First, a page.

So, does that mean a Loeb clean-sweep this season would be a turn-off for WRC? Absolutely not. Yes, I know you'd expect me to say that, but rest assured, this sport's more than just my livelihood, it's my lifelong passion as well. And I'm genuinely excited about the 10 rallies remaining. Particularly the next round in Cyprus.
Petter Solberg drifts the Subaru Impreza during the 2006 Rally Cyprus © LAT
For those not completely up to speed with the latest news in the WRC, the Cyprus Rally returns to the WRC calendar for the first time since 2006 with a mixed-surface route. In an effort to spice things up a bit, the Cypriots have gone and lobbed a day on the tar into the mix. That was interesting enough, but the team's response has made an interesting day one utterly unmissable. The teams felt it was too expensive to take two lots of brakes and suspension, so they asked if they could run on Pirelli's gravel-specification tyres for the whole event - including the day on asphalt. The drivers were pretty much united in their condemnation of this plan, but for us, it couldn't be better. Those who thought they saw some big skids in Norway have seen nothing yet.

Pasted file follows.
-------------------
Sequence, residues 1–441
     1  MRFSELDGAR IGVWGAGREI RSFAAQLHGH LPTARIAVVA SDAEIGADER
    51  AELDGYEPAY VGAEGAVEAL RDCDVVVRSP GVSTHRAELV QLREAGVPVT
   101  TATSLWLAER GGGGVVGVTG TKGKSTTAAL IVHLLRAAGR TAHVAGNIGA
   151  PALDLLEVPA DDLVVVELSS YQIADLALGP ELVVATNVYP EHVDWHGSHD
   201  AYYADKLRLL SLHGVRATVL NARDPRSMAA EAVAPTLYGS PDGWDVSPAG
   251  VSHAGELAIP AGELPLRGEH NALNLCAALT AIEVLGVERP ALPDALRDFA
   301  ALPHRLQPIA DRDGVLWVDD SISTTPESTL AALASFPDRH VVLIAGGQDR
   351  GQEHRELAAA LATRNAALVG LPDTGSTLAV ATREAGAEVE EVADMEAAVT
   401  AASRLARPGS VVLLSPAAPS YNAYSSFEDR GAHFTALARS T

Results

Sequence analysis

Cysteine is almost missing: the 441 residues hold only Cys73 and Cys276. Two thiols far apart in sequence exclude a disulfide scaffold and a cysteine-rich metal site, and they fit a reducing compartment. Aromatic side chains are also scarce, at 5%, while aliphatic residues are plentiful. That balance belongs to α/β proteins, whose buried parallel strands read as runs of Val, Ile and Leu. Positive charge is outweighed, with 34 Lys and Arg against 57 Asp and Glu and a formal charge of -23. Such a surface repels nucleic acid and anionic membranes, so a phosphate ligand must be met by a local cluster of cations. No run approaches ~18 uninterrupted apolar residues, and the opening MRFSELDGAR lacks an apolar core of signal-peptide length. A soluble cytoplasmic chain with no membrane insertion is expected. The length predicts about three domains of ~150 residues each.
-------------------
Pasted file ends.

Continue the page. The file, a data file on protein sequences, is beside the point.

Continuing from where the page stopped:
It's hard to describe the feeling of driving a rally car shod on knobbly gravel tyres on asphalt. Hard to describe, because there isn't any feeling. There just isn't any. Once those blocks of tread start to warm up and wobble underneath the car, there's no precision and no other way to get through a corner other than vigorous work on the handbrake allied to a big boot of throttle, all topped off with a cloud of smoke. Try and do it any other way and you'll end up, arms crossed, in a miserable world of understeer.